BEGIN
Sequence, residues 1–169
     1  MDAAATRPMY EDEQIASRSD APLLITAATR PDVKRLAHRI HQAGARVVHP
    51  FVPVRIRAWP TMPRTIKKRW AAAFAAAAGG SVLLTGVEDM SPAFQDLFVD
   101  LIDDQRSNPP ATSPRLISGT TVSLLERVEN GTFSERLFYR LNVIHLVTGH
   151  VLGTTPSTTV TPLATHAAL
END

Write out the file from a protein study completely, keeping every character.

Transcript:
Sequence, residues 1–169
     1  MDAAATRPMY EDEQIASRSD APLLITAATR PDVKRLAHRI HQAGARVVHP
    51  FVPVRIRAWP TMPRTIKKRW AAAFAAAAGG SVLLTGVEDM SPAFQDLFVD
   101  LIDDQRSNPP ATSPRLISGT TVSLLERVEN GTFSERLFYR LNVIHLVTGH
   151  VLGTTPSTTV TPLATHAAL